Use of GIS and Remote Sensing in Tourism
Magige, James M.
Onywere, S. M.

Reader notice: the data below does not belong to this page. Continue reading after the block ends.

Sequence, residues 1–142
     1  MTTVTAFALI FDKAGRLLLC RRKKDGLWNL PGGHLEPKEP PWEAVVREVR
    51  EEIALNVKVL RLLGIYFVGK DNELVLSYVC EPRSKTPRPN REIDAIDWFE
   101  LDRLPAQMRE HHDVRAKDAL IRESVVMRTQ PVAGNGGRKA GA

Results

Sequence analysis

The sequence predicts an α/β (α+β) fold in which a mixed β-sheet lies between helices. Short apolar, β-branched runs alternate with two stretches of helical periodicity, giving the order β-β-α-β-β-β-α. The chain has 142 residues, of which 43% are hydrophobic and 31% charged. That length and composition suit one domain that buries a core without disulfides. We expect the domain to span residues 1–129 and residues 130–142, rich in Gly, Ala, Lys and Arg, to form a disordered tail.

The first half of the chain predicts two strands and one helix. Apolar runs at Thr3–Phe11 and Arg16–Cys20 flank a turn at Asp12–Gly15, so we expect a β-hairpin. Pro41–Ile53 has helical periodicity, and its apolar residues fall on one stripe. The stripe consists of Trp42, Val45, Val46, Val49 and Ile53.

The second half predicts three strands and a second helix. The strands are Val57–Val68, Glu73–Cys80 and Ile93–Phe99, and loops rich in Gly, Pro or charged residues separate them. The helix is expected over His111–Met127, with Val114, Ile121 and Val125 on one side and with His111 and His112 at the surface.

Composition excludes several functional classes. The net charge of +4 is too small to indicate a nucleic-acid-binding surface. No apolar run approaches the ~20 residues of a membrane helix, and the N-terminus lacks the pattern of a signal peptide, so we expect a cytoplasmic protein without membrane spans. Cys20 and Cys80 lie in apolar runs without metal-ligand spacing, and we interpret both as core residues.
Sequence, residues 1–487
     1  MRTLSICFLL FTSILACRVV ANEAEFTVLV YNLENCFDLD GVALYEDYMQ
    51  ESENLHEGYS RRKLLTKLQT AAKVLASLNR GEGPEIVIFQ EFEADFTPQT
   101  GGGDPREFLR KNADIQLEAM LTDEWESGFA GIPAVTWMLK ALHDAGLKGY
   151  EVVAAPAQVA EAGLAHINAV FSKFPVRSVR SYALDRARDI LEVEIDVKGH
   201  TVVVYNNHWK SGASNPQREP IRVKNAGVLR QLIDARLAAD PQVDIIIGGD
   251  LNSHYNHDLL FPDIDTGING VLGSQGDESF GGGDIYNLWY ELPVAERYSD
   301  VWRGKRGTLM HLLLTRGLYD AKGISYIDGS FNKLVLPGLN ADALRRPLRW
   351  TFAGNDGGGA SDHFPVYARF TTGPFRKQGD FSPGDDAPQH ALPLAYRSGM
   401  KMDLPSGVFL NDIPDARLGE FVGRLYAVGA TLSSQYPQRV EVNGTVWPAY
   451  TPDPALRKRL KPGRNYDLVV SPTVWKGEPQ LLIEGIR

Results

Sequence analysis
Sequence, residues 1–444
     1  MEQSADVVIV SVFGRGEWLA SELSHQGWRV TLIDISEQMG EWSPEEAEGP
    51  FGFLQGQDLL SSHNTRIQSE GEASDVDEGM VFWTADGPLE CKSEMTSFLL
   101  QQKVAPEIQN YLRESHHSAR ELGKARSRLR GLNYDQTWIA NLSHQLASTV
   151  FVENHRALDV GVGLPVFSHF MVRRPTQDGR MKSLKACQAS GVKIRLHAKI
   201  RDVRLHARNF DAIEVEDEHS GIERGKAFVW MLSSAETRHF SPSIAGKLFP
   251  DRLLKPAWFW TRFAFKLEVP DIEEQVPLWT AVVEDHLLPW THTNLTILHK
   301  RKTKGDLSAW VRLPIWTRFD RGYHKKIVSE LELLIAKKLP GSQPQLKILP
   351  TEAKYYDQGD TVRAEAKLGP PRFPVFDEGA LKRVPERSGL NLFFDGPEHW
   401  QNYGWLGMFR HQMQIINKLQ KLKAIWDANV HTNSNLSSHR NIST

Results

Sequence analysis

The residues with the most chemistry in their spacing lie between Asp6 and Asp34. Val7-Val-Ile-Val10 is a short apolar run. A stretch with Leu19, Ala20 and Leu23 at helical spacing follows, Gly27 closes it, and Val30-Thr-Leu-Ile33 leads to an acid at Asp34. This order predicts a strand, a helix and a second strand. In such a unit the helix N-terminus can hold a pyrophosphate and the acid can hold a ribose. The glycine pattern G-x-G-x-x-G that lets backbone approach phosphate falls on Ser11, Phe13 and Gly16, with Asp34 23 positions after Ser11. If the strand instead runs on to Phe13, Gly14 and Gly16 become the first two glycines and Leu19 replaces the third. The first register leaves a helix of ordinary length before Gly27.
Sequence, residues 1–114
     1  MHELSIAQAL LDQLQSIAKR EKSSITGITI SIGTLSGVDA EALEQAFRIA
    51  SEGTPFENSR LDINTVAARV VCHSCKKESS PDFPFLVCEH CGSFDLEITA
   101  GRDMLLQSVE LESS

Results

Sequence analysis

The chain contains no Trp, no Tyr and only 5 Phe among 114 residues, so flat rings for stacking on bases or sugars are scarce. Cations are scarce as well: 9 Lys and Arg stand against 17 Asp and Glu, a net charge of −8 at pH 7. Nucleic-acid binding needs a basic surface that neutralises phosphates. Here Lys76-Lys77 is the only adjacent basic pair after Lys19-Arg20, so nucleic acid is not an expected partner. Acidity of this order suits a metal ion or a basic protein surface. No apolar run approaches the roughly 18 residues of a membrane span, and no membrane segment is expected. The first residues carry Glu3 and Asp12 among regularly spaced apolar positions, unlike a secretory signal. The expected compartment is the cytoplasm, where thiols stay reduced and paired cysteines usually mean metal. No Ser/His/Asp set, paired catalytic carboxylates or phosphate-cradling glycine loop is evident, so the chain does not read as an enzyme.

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A geographic information system (GIS) is a computer-based information system using special tools to manage location-based data and their attributes for decision-making. Geospatial functions cut across many fields and support problem solving through geodata design and analysis. GIS have been used, for example, in environmental conservation and wildlife management. Its use in tourism planning, development and management, and marketing of destination products is only a more recent approach. The adoption of the technology affects both the sustainability of environmental resources and the quality of tourists’ experience. The purpose of this chapter is, first, to explore the functionalities and usage potentials of GIS in the tourism domain. Second, two studies of Maasai Mara Game Reserve and Nairobi National Park portray how GIS and satellite remote sensing imagery is applied to assess the ecosystem’s changes, their causes, and major implications. Examination of Landsat satellite image data for 2000 and 2017 shows that due to conversion of areas to farmlands and settlements, the coverage of Mau Forest Complex, the main catchment area for the Mara ecosystem, had reduced by 30.2% and vegetation by 22.8%. The analysis of Nairobi National Park showed that the Kitengela wildlife migration corridor has been completely encroached by human settlement and mining activities, thus seriously compromising the performance of the ecosystem. Mapping of human development pressure on the ecosystem using GIS technologies can be used to assess and manage the tourism resources potential in conjunction to biodiversity conservation as a critical element in improving wildlife as a tourism destination product.